The Return of Scott Walker - The Drift
By Rob O'Driscoll
Drifting…Tilting…but always coming back, always coming back to…you. To us. To US.
Back to his roots. Post- 9/11 and Scott Walker’s first full musical release since ‘Tilt’ in 1995 sees him looking back at America, the America, his America of 40 years ago and not recognizing her any more; America of myth, Epic and forbidding, unrecognizable through the prism of his life since three pretend brothers, with nothing in common but a desire to escape, fled The Draft. The cold wind blowing.
Back to back. Slowly moves his Art. ‘The Drift’. Not controlled but impossible to stop, deny. Controlled to the point of madness, of long nights and longer days spent struggling.
The lure of over here. But not here. The lure was The Continent. Brel. Sartre. Camus. Bergman. Jean-Paul Sinatra. Across the water. The Drift.
Backed up. What does he see, Narcissus, in the water? He sees himself. The horror. Back. Again. For more of the same. But different now. Fractured. Broken. A tear has burst the surface. An existentialist tear. All those tortured lives.
Continental drift. But to where..?
Back away. From that horror. How have things drifted in those years? Where is the world, the Europe, the US, of that time? The time of Belmondo, la dolce vita of intellectual pavements of artists painting, through cigarette smoke and coffee swirls, every ravaged line on the faces of the dispossessed. And being unable to look away but able to turn away, safe in the knowledge.
Back again. A place of horror of Srebrnica of Kosovo of Grozny of Baghdad of every dead-in-a-ditch body of every Babi Yar and every war and Ho Chi Min and every war is happening now for ever.
It is the sound of a haunted man. And all his windows are broken.
Great walls of sound build and collapse, assault the senses of the listener. These are pronouncements, not songs, condemnations. Cries in the dark.
Lavish strings vanish, invaded by orchestrated attrition that chains the ear, hammers them back. No one is allowed to escape. No one ever is. No witnesses.
To a dissonant, repetitive guitar line the work begins with Cossacks Are. Scott in thrall to the past, his past – the singular image:
Cossacks are/charging in/Charging into/fields of/white roses
Now it real people who surround the image, not the too-easy cast of boho sailors and ladies of ill-repute, transvestites and lovers; and beauty is no consolation amid ‘medieval savagery’. Always drifting back. Be they Claretta Petacci, Mussolini’s lover, or Jesse Pressley, Elvis’s still-born twin and metaphor for loss in life and the now empty New York sky-line, none are safe.
The sound of raw meat being hit during Clara tells of anger, blame, revulsion, horror, eroticism. Art grinding out truth. Real stories falling. History is moving…
Back track. Over and over. Regurgitation. Something begun almost 30 years ago is coming to fruition. The final desperate sounds of those brothers. Where is time, the drift, leading us all? Jesse also was 30 years ago, an ending. What began then ends now. The final word, sound, closure. He speaks of recording much more quickly a new album which could be toured.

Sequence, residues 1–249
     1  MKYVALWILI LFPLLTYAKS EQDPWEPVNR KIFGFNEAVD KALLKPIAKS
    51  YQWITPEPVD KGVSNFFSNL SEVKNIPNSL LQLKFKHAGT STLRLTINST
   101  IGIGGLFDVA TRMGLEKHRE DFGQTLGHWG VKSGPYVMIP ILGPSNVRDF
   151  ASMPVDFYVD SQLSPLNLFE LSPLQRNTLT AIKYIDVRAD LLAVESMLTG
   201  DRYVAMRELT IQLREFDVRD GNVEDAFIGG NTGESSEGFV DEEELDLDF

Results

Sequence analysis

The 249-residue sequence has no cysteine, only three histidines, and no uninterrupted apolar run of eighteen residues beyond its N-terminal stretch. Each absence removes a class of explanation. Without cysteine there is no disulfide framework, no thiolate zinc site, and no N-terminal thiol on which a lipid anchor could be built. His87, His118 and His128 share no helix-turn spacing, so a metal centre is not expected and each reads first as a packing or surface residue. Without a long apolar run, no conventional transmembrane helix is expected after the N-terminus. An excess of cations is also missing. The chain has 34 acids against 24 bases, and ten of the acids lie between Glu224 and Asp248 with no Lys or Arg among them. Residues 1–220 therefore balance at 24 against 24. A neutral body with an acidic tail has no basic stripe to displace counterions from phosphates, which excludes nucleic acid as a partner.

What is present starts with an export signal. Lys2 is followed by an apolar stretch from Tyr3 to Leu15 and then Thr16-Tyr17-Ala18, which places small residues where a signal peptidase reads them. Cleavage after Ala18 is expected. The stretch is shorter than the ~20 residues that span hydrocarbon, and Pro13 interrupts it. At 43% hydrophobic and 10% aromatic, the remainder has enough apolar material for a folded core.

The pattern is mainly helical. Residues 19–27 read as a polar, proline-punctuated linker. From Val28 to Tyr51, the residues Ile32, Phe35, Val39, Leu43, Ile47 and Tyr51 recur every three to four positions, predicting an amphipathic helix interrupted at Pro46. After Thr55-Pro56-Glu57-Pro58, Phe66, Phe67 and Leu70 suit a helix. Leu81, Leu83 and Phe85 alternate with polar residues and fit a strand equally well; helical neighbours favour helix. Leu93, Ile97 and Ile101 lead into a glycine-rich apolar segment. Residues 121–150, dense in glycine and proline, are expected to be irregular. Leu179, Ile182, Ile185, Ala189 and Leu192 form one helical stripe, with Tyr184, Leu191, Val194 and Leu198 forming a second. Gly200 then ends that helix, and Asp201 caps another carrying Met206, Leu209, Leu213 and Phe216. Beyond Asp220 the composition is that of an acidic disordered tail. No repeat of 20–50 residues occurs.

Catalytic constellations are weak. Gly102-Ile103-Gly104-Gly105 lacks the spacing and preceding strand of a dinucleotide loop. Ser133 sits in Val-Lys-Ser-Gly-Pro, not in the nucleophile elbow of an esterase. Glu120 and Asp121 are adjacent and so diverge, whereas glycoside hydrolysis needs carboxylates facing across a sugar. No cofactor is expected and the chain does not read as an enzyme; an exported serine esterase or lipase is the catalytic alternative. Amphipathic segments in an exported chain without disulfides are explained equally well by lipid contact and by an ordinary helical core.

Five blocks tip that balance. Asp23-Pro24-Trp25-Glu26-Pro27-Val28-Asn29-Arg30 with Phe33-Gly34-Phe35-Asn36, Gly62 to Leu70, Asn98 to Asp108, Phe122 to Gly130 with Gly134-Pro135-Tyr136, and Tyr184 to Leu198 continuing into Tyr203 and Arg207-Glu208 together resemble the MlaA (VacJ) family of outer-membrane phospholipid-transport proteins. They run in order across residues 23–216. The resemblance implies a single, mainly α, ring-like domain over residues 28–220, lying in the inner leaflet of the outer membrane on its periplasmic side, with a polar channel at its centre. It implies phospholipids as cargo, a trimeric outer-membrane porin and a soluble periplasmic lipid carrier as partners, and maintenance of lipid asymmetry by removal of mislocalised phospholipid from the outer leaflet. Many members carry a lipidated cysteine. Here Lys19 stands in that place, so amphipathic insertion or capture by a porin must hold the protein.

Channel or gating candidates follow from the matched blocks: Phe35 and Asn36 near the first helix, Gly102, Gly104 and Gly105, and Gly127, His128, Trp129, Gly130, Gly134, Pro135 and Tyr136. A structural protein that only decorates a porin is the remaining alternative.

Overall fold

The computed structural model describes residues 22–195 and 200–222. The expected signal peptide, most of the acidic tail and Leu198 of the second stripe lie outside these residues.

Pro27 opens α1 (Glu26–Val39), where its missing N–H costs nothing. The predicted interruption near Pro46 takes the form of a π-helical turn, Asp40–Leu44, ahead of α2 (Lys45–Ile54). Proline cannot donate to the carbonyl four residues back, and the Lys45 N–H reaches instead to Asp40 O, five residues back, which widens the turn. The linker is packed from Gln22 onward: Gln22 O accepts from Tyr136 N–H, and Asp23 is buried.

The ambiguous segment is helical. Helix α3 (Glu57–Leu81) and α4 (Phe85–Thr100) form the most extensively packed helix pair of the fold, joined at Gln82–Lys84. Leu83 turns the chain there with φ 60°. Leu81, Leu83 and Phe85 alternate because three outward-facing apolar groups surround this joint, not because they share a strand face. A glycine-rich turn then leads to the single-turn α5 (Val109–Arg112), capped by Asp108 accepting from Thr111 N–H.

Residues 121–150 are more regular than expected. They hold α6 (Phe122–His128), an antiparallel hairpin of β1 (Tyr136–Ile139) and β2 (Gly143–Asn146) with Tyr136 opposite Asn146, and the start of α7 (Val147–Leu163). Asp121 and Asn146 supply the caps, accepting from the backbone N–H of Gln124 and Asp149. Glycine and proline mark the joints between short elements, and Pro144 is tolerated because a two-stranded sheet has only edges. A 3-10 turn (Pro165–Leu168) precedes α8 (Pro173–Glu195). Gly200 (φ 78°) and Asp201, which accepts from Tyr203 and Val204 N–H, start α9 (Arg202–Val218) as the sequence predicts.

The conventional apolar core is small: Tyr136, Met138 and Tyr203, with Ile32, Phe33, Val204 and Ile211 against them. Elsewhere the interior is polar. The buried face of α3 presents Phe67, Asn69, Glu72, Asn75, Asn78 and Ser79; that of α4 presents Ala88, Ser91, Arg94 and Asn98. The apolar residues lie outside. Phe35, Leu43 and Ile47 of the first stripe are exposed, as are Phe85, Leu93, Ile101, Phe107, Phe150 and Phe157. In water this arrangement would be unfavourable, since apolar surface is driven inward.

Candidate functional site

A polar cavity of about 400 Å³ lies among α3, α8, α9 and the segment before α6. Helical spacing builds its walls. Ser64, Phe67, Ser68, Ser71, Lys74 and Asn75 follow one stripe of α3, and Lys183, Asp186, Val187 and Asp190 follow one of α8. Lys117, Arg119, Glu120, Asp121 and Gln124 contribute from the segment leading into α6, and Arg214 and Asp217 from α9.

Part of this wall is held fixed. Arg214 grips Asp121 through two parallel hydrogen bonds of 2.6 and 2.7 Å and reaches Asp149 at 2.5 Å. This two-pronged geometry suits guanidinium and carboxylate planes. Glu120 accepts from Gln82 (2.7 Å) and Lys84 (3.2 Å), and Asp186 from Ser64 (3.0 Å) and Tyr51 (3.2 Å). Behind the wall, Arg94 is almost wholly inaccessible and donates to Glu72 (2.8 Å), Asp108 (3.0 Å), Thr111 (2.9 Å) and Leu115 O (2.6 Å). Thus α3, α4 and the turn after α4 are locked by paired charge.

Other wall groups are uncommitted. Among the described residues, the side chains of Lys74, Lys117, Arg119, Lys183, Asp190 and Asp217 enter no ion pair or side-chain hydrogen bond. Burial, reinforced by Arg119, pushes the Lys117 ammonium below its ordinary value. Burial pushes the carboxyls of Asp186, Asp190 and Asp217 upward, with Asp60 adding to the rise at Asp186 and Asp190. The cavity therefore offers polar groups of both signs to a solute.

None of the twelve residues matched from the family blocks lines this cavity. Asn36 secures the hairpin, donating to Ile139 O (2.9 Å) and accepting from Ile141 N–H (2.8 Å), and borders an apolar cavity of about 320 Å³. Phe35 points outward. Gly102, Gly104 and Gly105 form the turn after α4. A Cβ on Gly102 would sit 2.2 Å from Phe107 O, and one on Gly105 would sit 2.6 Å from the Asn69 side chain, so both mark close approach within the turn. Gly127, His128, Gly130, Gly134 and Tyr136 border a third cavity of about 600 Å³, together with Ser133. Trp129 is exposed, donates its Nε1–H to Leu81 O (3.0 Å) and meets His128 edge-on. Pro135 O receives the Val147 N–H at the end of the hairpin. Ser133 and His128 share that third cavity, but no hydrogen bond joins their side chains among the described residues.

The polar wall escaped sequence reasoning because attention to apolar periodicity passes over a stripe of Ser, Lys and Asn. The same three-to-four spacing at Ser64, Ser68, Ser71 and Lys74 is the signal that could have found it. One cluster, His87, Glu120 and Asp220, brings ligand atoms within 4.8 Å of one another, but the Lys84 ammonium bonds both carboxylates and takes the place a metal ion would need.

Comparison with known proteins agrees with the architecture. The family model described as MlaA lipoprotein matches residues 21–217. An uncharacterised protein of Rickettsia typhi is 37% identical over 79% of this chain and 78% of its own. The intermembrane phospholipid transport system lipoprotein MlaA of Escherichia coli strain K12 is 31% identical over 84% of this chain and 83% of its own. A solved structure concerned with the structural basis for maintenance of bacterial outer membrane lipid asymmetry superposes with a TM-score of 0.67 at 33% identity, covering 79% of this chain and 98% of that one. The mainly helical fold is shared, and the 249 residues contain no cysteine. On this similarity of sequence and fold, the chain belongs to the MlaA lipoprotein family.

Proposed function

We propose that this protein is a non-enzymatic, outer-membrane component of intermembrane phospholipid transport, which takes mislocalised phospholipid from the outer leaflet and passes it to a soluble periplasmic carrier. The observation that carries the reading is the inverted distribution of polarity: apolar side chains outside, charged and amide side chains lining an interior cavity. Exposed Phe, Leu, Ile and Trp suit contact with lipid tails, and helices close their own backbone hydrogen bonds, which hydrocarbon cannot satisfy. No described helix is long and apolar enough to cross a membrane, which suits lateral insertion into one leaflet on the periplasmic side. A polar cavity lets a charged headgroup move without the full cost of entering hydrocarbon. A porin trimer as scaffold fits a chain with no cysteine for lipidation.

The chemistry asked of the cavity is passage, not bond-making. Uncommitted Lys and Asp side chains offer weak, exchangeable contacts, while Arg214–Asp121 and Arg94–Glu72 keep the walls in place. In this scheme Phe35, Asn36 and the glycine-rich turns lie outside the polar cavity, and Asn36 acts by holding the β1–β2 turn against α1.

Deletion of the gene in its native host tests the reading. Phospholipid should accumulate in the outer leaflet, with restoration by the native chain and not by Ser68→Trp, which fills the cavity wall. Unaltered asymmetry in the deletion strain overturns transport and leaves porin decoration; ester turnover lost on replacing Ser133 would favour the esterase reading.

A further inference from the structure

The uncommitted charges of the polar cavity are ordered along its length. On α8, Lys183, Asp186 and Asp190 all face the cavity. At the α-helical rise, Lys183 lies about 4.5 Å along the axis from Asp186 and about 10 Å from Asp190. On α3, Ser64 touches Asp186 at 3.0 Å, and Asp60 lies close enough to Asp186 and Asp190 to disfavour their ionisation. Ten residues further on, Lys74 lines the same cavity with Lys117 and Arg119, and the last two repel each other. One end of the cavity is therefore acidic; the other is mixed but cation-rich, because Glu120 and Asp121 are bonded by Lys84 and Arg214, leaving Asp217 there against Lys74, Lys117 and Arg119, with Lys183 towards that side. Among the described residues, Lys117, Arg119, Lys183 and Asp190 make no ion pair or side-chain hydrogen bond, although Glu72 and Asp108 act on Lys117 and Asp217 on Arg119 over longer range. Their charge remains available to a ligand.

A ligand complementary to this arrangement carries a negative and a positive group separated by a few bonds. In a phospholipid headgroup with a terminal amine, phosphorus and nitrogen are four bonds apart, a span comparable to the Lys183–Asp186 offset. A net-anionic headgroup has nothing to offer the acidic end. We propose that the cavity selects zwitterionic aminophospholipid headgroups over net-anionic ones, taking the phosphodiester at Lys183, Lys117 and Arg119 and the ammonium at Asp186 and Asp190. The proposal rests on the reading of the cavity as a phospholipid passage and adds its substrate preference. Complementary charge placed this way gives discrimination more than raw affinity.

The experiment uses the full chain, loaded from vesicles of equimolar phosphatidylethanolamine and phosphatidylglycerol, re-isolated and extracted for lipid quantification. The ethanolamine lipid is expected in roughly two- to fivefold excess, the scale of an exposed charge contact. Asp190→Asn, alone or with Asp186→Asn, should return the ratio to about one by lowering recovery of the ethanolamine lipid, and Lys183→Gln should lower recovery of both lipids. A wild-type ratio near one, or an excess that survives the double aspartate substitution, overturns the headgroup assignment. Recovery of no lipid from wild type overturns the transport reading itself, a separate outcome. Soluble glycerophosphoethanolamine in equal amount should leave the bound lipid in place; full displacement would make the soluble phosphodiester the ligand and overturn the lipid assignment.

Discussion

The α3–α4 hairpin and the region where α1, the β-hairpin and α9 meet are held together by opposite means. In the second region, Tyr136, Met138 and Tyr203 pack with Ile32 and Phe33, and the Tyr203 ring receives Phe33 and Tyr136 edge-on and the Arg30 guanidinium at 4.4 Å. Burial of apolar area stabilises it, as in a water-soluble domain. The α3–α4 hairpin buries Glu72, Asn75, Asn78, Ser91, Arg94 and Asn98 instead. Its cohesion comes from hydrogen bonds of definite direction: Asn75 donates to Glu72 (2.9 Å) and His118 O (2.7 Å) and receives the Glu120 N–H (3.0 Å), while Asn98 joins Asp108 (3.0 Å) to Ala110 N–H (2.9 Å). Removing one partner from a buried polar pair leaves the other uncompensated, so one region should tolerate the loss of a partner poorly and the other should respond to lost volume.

What will come next? Surely the drift is downwards? Can it be time, then, to celebrate surviving so long? Celebrate the thaw? Which is only the
grossnes of spring/..(which)…rose a tumour balloon
Shades of Eliot. Shades of everyone. Shades everywhere, of the dead. Passing over London Bridge. Like Scott. Whoever’d thought..?
Back to square one.
The same old nightmare fears.
Back water. Where is ‘The Drift’ taking us? Are the answers in Cue (Flugelman)? So full of repulsion at the human form, or what is left. Fluid and flesh laid bare. A Continent become transparent by its own misdeeds. A body – sinew, ichor, organs- held open for mass consumption; its audience is waiting. Almost a sound track for this year’s Guantanamo-baiting Euro-horror ‘Hostel’.
Buzzers is the drift of votes that landslide the torturers and war-mongers: Milosevic, Bush, Blair, Hussein. A popularity no one would ever admit. Just who does vote for them? Who does Polish the fork as the faces of the grass go lengthening ?
Psoriatic is a prayer, crooned to ward off this infectious madness that replicates itself year-on-year, like some cheap media invented health-scare, to a wounded anthrax jesus powerful only in its ability to sell crude pot-boiled thrillers.
In The Escape Scott ponders just that, the possibility of escape. Under a terrifying soundscape he seems to lose all hope:
You and me/against the/world/World about/to end
But finds hilarious juxtapositions by dropping ‘I wish I was in Dixie’ into the lyrics and a mad Donald Duck voice that screeches in the background, so that the target, those responsible, is clear. Has hope drifted in?
Final track A Lover Loves employs (whisper it) acoustic guitar and what could almost be a melody. This is paean for that past – corneas misted. But there is no way back:
This is/a waltz/for a/dodo…a samba/for Bambi
No more Disney. No more Donald.
No more. It’s not just America.
Back. Scott needs to be back to be able to say these things. Who is saying them now?
Neil Young, Bruce Springsteen. What has happened to the next generation?
A record, an old-fashioned and romantic term now, in its truest sense of the world and how one man might meet it head-on. Though it will not father any hits or snag your brain with jaunty tunes it is a work that demands to be listened to in its fragmented, astonishing power and anti-beauty.